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Wednesday, 11 November 1964

Senator ANDERSON (New South Wales) (Minister for Customs and Excise) . - I move -

That the Bill be now read a second time.

The purpose of this Bill is to provide for the payment of fees in respect of licences for commercial television stations. I will later introduce Bills to provide for the payment of fees in respect of licences for commercial broadcasting stations; to repeal the existing Broadcasting and Television Stations Licence Fees Act 1956; and to amend, inter aiia, section 106. of the Broadcasting and Television Act 1942-1963, as amended by the Broadcasting and Television Act 1964. The fees payable for licences in respect of both broadcasting and television stations are at present laid down in the Broadcasting and Television Stations Licence Fees Act 1956, which it is now proposed to repeal. The annual fee payable by a licensee is £25 in the case of a broadcasting station and £100 in the case of a television station plus, in each case, 1% of the gross earnings of the station " in respect of the broadcasting or televising of advertisements or other matter ".

The provisions of the Act of 1956, the year in which television was introduced, were, of necessity, framed in the light of experience with the broadcasting services and the manner in which, at that time, it was envisaged that the television station licensees would conduct their operations. Experience has, however, since shown that it is virtually impossible to assess properly the licence fee in respect of television stations on the basis now prescribed - that is, on the basis of the " sale of station time ".

I should here explain to the Senate that broadcasting and television stations earn revenue in two ways - (a) in the case of sessions sponsored by an advertiser, partly by selling the programme itself to the advertiser and partly, but as a separate transaction, by selling the advertiser station time to put the programme on the air; and (b) in the case of unsponsored sessions, by selling station time to spot advertisers, the station itself meeting the cost of the programme, but taking this into account in fixing the price to advertisers for spots during the session. Licensees of commercial television stations have, in arriving at their gross earnings for licence fee purposes, adopted the practice of excluding not only the amounts paid by advertisers for programmes in sponsored sessions, but also an estimated amount of the revenue received from spot advertising in unsponsored programmes, as representing the cost of programmes with which the spot advertising is associated. The deductions from spot advertising revenue are being made on the basis of arbitrary and varying proportions which the Board has no way of controlling.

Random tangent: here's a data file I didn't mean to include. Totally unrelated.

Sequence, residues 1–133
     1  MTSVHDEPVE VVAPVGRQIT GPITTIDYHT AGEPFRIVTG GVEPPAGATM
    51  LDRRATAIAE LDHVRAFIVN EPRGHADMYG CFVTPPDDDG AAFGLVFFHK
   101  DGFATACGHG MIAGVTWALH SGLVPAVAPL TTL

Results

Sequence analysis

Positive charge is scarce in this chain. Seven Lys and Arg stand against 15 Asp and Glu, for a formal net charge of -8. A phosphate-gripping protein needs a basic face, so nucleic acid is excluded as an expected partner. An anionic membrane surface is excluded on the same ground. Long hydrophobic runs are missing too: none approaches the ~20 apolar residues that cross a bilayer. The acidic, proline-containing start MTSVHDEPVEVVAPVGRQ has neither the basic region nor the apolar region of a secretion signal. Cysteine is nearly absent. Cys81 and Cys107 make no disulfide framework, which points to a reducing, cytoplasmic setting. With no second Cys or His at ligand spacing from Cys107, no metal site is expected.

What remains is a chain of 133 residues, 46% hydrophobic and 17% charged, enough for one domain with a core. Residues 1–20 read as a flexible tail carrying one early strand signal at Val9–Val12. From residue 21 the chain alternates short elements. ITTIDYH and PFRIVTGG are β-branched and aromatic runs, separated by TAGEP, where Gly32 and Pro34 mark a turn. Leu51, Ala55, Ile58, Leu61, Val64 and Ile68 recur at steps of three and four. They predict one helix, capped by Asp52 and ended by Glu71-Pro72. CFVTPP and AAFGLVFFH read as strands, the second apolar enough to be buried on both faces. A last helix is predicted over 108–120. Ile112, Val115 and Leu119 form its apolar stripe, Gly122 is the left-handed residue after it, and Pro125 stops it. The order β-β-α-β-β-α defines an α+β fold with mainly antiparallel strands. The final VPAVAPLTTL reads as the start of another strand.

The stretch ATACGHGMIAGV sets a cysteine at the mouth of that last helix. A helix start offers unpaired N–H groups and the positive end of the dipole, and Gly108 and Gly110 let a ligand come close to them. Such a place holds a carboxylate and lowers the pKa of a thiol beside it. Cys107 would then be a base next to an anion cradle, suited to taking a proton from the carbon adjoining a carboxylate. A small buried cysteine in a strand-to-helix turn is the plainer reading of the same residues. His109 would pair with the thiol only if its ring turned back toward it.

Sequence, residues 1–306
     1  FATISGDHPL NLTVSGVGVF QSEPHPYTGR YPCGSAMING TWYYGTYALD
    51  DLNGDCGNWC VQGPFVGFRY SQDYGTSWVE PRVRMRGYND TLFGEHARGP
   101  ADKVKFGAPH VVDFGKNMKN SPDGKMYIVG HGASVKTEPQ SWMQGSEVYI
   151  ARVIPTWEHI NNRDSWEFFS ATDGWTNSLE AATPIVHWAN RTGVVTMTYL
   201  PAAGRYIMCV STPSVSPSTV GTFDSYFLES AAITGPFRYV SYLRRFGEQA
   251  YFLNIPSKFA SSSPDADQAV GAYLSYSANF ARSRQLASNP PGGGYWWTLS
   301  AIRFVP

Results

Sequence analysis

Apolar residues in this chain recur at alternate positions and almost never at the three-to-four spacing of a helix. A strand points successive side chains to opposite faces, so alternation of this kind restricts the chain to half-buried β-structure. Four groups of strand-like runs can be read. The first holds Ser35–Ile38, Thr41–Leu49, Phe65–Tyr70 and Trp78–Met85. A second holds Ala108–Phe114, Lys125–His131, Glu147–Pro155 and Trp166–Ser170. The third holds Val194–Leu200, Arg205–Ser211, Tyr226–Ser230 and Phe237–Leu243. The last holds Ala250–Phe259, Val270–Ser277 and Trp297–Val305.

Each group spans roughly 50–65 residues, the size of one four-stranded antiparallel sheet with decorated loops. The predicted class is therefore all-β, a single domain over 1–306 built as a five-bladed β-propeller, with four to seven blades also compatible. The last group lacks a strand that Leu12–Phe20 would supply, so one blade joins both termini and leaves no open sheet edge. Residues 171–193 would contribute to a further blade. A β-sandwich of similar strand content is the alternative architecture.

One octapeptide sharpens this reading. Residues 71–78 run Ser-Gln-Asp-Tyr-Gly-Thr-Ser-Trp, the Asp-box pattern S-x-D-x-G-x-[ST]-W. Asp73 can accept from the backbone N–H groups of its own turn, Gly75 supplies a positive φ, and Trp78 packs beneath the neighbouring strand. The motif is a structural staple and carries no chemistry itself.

Honorable senator will, no doubt, agree that it is desirable, from all points of view, that the basts of assessment of licence fees should be clearly defined and capable of ready determination. After considering the various possibilities it has been decided to adopt what may be termed an " advertising receipts " basis of assessment, the view being taken that the fee should be assessed on a station's turnover and be a first charge on revenue. Such a basis is, also, directly related to thc main business activity deriving from the grant of the licence, that is, the selling of advertising. On this basis of assessment the licence fee would be payable on all revenue received from advertisers by a licensee with respect to the broadcasting or televising of advertisements, extending to cover both station time and payments for programmes. In clause 4 of the Bill, " gross earnings " are defined accordingly. It follows that all revenue, both from spot advertising and from sponsored advertising, would be subject to licence fee including revenue from the sale of station time and from programme sales. I direct the attention of honorable senators to the fact that the definition of " gross earnings " specifically excludes earnings from the production of filmed advertisements. It is known that some organisations closely related to licensee companies perform such work on behalf of advertisers as a commercial activity separate from the licensees' normal business of operating a television station. If this exclusion were not made, licensees' earnings from this source could be subject to licence fees, pursuant to clause 7 of the Bill relating to the diversion of revenue to related organisations. This did not seem appropriate.